I hadn't gotten old enough yet to realize that living sends a person not into the future but back into the past, to childhood and before birth, finally, to commune with the dead... In this life we grow backwards.
When I picked up this book I was expecting to read a narrative about a hermaphrodite. On the surface that is what I got, however it turned out to be much more than that. Middlesex is Eugenides' magnum opus, a grand narrative that weaves the story of three generations of Greek-Americans into an unforgeable piece of literature. The synopsis of this novel claims it is a "reinvention of the American epic" and I think that is an accurate description. The work as a whole felt organic and pieced together many working parts so perfectly that I was left in awe.
The novel is preoccupied with the idea splits and divides; within our identity, our desires, our families, our culture and our place in the world. Our narrator, Calliope (or Callie, and later Cal) is a personification of this divide and inhabits the vulnerable threshold of these boarders. Among other things, he is divided between mind and body, between reason and passion. As the title implies, Middlesex raises questions about gender identity and removes the preconceived notions that these gender distinctions are black and white. It examines the difference between gender and sex, and the extent to which these identities are socially molded verses genetically inherited. In what capacity do our genes dictate our destiny?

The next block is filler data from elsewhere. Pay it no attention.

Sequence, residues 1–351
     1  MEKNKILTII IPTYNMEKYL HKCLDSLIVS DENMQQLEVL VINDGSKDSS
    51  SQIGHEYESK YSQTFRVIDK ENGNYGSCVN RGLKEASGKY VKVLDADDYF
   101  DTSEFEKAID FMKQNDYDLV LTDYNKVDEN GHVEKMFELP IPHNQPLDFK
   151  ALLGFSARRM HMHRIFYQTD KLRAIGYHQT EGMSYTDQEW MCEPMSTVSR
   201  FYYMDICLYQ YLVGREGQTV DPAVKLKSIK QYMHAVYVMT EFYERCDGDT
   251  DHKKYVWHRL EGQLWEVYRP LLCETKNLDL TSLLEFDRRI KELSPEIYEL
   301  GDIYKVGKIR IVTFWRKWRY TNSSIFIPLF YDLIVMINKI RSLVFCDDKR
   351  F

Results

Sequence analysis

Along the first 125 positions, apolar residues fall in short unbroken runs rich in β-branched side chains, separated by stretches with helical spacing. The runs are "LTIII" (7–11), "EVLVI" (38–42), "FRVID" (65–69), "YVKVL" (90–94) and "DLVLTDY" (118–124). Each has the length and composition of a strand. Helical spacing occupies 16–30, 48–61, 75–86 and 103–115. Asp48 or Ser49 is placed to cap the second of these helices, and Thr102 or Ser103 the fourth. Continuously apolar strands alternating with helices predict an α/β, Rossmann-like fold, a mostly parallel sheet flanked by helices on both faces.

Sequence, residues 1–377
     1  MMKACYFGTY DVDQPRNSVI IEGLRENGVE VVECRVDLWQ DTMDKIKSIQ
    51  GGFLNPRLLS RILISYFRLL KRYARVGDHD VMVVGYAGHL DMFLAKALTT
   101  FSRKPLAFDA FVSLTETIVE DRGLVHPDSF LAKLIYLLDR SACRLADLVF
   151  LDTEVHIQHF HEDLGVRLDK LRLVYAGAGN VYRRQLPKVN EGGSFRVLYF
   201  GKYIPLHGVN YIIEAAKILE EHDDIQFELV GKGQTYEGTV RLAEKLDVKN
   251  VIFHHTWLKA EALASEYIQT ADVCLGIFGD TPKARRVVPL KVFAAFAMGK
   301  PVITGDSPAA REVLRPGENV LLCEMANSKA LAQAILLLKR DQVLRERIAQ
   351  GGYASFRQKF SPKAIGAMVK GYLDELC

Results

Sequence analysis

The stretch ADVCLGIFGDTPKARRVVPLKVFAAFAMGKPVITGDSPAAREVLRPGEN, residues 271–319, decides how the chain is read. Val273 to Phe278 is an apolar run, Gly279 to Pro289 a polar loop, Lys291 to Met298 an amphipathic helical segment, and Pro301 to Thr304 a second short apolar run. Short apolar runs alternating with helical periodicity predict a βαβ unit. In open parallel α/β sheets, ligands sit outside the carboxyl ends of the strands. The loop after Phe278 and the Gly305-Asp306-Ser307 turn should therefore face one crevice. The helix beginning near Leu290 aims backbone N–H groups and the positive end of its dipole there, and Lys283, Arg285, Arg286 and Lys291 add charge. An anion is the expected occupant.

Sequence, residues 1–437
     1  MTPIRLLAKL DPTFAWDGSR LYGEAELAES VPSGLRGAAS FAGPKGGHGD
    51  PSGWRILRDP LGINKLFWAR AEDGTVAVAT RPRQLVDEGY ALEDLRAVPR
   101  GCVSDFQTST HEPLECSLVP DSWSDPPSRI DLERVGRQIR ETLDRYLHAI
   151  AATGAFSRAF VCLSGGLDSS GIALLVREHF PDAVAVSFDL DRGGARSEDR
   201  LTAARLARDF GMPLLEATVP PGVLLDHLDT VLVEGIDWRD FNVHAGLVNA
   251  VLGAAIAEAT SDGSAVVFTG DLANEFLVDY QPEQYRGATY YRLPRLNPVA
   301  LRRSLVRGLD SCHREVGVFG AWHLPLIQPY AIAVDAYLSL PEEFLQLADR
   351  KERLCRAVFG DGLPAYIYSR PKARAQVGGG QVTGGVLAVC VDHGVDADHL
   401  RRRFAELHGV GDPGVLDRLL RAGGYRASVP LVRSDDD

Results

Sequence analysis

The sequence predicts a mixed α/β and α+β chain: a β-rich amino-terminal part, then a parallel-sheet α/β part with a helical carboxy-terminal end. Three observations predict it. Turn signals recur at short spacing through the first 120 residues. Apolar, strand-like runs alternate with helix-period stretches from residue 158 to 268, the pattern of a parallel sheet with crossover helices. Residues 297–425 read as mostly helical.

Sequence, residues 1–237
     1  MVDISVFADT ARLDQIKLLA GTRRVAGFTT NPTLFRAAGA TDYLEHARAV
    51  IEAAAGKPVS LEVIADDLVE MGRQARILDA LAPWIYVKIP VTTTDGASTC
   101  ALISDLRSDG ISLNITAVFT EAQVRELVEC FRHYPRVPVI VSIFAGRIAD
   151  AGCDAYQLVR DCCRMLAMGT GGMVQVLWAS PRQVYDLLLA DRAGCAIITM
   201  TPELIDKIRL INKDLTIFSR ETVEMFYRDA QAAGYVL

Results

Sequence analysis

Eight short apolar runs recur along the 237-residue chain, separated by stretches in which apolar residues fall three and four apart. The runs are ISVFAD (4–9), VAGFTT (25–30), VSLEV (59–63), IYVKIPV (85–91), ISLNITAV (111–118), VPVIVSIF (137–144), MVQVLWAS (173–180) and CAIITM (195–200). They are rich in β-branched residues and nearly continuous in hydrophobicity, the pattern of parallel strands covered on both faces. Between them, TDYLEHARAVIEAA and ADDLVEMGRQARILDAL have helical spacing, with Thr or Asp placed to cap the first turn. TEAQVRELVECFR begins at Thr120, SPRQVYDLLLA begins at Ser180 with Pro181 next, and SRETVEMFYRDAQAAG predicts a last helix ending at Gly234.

Parents are supposed to pass down physical traits to their children, but it's my belief that all sorts of other things get passed down to: motifs, scenarios, even fates.Eugenides also highlights the theme of escape and the anonymity of recreation it allows. He explores this idea on many levels, from escaping one's homeland to escaping one's body and finally, escaping life (in death) and its implications:
Out in these streets people were embroiled in a thousand matters, money problems, love problems, school problems. People were falling in love, getting married, going to drug rehab, learning how to ice-skate, getting bifocals, studying for exams, trying on clothes, getting their hair cut, and getting born. And in some houses people were getting old and sick and were dying, leaving others to grieve. It was happening all the time, unnoticed, and it was the thing that really mattered.What really mattered in life, what give it weight, was death.This is truly an amazing book. If you haven't already read it, I highly recommended you do so. I should also mention this would be a great choice for a book club, as I feel there is much to discuss. Middlesex won the Pulitzer Prize in 2003.
Publisher: Picador, 2002